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What's Your Skin Cancer Risk? Quiz

This quiz can help you assess your personal risk for skin cancer. Please mark the best response to all the questions. When you have finished, you can read your report in the space below the quiz.

General
1. Age:
2. Skin Type
Very fair skin, blond/red hair, light eye color, doesn't tan, sunburns very easily
Fair skin, tans minimally, sunburns easily
Light skin, tans gradually, sunburns with extended exposure
Olive/darker skin, tans easily, seldom burns
Very dark skin, seldom or never burns
Health History
3. Do you have a family history of skin cancer (father, mother, sister, brother)?
Yes
No
4. Have you ever had skin cancer?
Yes
No
5. Do you have reduced immunity due to a health problem or immunosuppressive medication?
Yes
No
6. Do you have:
  • A large number of moles (more than 20)
  • Several large moles (5 mm (0.2 ") or larger)
  • One or more large moles present at birth
Yes
No
7. Do any of your moles fit the descriptions listed below?
  • Not symmetrical
  • Has irregular (fuzzy) borders
  • Variable in color
  • Larger than 5mm (0.2 ")(Roughly the size of a pencil eraser)
  • Has rapidly changed recently
Yes
No
Sun Exposure
8. Have you lived in a geographical area where the sun is very intense (e.g., tropical or subtropical regions)?
Yes
No

If yes, for how many years?

9. Are you exposed to the sun for extended periods as part of your work or recreation?
Yes
No
10. Do you have a history of blistering sunburns (particularly during childhood)?
Yes
No
11. Do you take care to wear protective clothing (shirt, hat, etc.) when in the sun?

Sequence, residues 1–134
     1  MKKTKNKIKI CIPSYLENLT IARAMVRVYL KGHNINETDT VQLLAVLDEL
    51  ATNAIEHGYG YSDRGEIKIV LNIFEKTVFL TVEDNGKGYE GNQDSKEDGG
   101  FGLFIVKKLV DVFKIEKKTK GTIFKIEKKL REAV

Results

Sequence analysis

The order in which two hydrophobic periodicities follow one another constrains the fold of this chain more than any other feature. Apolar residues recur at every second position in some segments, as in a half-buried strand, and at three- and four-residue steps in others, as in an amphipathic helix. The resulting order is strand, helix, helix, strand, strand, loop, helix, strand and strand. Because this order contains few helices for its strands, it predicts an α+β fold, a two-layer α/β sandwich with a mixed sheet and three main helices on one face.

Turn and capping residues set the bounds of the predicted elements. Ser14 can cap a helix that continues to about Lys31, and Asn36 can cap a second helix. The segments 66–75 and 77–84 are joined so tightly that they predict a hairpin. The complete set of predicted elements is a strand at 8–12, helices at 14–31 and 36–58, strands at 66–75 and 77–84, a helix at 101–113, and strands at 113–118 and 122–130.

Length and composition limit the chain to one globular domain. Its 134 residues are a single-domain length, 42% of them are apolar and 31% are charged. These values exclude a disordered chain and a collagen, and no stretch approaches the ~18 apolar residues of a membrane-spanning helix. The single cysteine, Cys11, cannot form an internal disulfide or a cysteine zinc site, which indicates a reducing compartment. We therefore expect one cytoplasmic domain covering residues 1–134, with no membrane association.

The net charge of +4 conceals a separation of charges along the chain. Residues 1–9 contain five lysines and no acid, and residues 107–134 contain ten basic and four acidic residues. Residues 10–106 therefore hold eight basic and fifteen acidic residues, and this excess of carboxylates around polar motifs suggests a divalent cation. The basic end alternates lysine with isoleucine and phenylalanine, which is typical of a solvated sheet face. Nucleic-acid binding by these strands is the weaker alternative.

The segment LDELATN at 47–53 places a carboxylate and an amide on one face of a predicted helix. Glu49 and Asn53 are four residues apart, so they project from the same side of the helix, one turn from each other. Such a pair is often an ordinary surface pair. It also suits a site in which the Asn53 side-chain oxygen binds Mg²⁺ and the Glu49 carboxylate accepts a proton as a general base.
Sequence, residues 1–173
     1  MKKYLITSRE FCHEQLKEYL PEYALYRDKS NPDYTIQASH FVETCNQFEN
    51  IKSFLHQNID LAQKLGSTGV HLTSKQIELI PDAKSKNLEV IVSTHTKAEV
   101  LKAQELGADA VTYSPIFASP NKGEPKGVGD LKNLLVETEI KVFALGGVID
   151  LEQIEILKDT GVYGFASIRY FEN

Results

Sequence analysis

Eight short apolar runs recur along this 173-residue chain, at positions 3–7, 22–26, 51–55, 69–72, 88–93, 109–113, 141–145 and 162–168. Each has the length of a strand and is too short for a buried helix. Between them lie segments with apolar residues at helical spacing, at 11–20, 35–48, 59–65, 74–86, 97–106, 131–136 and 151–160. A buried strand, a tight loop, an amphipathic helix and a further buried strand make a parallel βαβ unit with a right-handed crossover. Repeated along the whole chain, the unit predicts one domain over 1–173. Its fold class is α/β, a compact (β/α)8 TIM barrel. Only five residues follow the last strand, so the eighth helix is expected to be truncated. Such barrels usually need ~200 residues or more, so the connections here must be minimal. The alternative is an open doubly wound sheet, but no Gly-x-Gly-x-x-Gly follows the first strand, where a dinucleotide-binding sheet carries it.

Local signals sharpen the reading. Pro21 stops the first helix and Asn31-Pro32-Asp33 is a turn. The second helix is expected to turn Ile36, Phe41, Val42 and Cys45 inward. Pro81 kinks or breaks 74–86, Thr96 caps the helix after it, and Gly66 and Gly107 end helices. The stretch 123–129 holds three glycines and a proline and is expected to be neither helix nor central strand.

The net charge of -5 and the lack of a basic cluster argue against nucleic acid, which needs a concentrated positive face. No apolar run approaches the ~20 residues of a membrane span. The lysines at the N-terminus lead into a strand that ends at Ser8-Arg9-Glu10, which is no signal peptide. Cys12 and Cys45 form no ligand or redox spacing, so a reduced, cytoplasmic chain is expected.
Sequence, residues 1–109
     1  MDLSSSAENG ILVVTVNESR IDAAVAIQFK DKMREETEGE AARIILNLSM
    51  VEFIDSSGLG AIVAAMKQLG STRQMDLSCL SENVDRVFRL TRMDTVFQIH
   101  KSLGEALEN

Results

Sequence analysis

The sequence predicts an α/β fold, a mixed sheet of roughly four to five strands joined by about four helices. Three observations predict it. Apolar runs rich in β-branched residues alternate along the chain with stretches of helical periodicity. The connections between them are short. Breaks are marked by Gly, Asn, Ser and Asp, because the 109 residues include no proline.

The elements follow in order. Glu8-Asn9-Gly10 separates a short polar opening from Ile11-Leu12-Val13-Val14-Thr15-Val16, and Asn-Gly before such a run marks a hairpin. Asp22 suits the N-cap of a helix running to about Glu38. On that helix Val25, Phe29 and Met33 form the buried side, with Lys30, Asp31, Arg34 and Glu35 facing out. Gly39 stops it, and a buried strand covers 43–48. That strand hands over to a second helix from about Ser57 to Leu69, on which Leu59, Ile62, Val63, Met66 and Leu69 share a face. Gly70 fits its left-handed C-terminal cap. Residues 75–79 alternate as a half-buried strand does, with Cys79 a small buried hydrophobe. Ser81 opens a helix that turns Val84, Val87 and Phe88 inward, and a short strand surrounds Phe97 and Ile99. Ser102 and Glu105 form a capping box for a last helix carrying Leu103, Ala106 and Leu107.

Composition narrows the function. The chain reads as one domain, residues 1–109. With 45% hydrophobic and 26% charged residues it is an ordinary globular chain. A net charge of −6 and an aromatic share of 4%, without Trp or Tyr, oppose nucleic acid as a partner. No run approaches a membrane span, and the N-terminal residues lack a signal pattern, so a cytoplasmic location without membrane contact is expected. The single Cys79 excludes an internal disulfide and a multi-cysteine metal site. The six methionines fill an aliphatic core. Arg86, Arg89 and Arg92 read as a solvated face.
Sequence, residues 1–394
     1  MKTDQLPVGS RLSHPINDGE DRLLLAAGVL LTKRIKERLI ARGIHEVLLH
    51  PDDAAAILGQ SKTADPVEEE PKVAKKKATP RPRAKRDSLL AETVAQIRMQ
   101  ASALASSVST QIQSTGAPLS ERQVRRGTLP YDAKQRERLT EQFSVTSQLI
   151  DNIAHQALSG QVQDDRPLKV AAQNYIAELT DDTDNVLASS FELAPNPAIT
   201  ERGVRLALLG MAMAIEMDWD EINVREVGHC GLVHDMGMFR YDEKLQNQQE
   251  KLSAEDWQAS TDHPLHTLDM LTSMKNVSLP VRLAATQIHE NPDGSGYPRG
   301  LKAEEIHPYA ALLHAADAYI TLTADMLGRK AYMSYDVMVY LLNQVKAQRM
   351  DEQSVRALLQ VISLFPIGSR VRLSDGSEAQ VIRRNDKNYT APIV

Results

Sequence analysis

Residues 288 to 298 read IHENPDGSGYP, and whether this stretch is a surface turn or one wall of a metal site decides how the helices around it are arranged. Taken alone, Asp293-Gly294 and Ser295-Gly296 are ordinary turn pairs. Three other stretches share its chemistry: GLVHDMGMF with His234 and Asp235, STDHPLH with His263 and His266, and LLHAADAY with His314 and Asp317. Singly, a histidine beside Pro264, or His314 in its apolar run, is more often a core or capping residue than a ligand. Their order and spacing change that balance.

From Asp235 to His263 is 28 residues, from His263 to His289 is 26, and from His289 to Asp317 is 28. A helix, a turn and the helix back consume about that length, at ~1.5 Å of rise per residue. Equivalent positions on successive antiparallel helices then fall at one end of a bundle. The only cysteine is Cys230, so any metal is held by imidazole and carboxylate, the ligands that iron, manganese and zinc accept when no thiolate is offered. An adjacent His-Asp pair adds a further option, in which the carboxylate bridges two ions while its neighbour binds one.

Yes
No
12. Have you often used the sun or a tanning bed to get a suntan?
Yes
No
13. Do you usually use a sunscreen (SPF 15+) when out in the sun?
Yes
No
 

Check your answers and click the button below when you are finished. Your results will appear below.

Your Skin Cancer Risk Report
Understanding Your Report
  • The number of risk factors and the importance of your specific risks determine your likelihood of developing skin cancer.
  • Contributing factors can influence the degree of risk you face.
  • The number of risk factors you have, your risk category, and your specific risk areas are noted below.
  • Any risk factors and contributing factors you have are marked with a .
 

Skin Cancer Risk Factors =

Cancer Risk Category =

Biological Factors
Increasing age
As with many cancers, the general incidence of skin cancer increases with age, especially when other risk factors are present. Age is a contributing factor in your skin cancer risk. Ask your doctor to check your skin for potential problems. Do regular, monthly skin checks yourself.
Skin type
People with a fair complexion (especially blondes or red heads with blue eyes) who tan poorly or burn easily are at increased risk of skin cancer, compared to people with darker skin.
Personal history
If you have a personal history of skin cancer, you are at a higher risk of developing another skin cancer as compared to someone's risk of getting cancer for the first time. This means you need to be extra cautious about avoiding sun exposure.
Family history
If your father, mother, brother, or sister developed skin cancer, you are more likely to develop skin cancer than is someone without a family history of the disease. You can decrease your risk by practicing sun safety strategies (limiting exposure, using sunscreen, covering your skin) and keeping other risk factors low.